I hadn’t read either of Erica Kennedy’s novels before I learned of her passing. I remembered the buzz around her debut work Bling, a juicy page-turner about a hip-hop mogul, a rising star, and the scandalous cast of characters weaving in and out of their lives. But I’d heard very little about her second novel, Feminista, a chick/chic lit book that earned moderate reviews, before her death. I immediately ordered a copy on Amazon, though, compelled by the same intrigue that seizes you when a distant family member passes and you scour the family photo albums, looking for clues about who she was.

Feminista is filled with evidence of who Erica Kennedy was as a writer. She was sardonic and biting, clever and character-driven, descriptive and decadent. The story of Sydney Zamora, a chronically discontent magazine writer who, upon achieving the height of success in her field, found herself feeling empty, without a family. Zamora, a formerly plump and sullen multiracial beauty who’d dieted down to a size six and suppressed all her insecurities in public, wasn’t an entirely sympathetic character. She was confrontational and cruel to her family, held unhealthy grudges, and pretended that each of the friends she loss to the commitments of marriage and motherhood had died of terminal illnesses. Still, you found yourself rooting for her happiness — or at least for her to find some sense of wellness by the book’s end.

In this way, Feminista is less a skewering of the romantic conventions of chick lit than it is a parable about mental health. Sydney has a therapist, but she holds her in open contempt and only shows up to their sessions at the end — just in time for the good doc to writer her a prescription for Xanax. She spends most of the novel medicating without the conversation that would be necessary to unpack her considerable baggage. And though she claims her new priority is to snag a husband and get started right away on children, it’s clear her real intent is to find acceptance and love in her personal life. Both of those needs seem to be intensifying with age, and the more she denies and ignores her need to be vulnerable, rather than steely and brash, the lonelier and more adrift she feels.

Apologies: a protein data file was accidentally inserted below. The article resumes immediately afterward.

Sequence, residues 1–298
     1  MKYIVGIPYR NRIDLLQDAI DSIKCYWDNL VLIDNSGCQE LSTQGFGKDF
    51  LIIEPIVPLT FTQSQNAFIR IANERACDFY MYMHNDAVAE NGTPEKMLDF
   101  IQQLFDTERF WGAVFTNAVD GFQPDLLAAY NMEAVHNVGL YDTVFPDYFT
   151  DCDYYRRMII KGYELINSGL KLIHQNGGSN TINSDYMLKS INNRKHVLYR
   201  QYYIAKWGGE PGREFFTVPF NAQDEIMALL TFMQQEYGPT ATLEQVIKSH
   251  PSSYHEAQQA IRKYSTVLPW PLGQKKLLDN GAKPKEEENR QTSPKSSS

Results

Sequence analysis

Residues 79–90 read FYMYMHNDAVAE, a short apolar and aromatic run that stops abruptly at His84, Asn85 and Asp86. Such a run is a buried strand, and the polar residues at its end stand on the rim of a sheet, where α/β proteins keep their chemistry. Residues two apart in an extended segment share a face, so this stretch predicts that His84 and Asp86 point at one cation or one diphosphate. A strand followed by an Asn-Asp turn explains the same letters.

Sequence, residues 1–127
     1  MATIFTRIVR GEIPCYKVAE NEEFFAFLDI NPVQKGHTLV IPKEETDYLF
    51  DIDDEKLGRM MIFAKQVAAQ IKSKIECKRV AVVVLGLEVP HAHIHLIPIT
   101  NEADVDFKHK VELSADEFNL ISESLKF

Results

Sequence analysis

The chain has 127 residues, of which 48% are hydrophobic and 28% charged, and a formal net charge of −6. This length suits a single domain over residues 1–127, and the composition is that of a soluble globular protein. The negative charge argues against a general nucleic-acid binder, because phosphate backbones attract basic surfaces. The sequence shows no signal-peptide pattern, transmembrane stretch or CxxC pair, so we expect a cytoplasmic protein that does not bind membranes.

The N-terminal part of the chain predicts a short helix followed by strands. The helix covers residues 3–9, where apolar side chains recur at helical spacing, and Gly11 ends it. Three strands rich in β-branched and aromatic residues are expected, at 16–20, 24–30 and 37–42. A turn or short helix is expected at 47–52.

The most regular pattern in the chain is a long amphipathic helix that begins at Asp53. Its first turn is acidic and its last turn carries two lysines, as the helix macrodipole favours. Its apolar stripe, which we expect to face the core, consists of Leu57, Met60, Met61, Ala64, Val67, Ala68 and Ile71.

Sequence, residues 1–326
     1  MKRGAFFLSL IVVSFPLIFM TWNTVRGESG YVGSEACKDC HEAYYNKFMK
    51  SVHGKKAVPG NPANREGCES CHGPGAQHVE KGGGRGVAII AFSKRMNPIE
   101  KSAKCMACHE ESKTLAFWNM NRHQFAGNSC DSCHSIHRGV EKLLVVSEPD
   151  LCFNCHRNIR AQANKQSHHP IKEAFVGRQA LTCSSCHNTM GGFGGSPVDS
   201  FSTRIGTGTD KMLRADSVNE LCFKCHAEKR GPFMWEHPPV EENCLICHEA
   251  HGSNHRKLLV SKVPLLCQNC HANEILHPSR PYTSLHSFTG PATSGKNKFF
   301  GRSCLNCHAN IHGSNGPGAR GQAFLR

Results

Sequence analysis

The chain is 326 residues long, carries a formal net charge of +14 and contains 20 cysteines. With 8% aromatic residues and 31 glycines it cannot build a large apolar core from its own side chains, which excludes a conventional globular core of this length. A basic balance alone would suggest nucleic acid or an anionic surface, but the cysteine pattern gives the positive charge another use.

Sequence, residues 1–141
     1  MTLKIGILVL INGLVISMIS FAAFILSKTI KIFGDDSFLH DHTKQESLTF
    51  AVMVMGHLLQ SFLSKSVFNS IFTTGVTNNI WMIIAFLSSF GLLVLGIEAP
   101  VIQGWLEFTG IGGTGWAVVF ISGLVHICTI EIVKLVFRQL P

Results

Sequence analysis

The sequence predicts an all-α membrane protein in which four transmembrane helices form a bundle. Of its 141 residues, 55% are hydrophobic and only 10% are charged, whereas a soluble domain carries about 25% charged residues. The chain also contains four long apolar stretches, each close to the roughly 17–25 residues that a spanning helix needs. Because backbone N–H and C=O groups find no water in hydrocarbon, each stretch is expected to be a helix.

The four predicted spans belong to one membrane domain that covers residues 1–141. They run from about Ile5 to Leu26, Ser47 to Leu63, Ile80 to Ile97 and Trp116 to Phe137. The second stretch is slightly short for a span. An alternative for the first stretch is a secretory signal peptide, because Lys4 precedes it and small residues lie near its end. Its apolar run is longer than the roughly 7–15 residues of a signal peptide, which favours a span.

She keeps pushing away the one doggedly persistent suitor she has, even though she’s very obviously feeling him. Rather than finally confiding in her therapist, who inexplicably quits her practice in the last third of the book in order to marry, she finds herself repeatedly breaking down in front of a high-priced professional matchmaker, who briefly took her on as a client before letting her go after three of her dates found her to be “unstable” or “full of drama.”

By the time the whole thing ends, in traditional Jane Austen-esque fashion, we’re less relieved that Sydney’s found love (if not marriage and children) than we are that she’s worked through a great deal of her issues with grief, rejection, abandonment, and inadequacy. The man’s just icing.

We still know very little about the circumstance surrounding Kennedy’s death, but it’s always surreal to read, watch, or listen to the work of a recently deceased artist. It’s almost impossible not to read into the material, to search futilely for evidence or clues of what was to come. If you’re looking for that sort of thing, you’ll find it in Feminista. But it’s more important to walk away understanding how important it was to Kennedy to dismantle the myth of the Strong Black Woman. In Sydney Zamora, she exorcises the idea that black women are expected to hide their true needs and desires in order to be accepted professionally or personally. It’s a powerful message hidden in a novel full of designer label names, punchy quips, and scandal. And it’s worth revisiting, particularly this July. It’s National Minority Mental Health Month, and this book explores the reasons why we need this observance in the first place.

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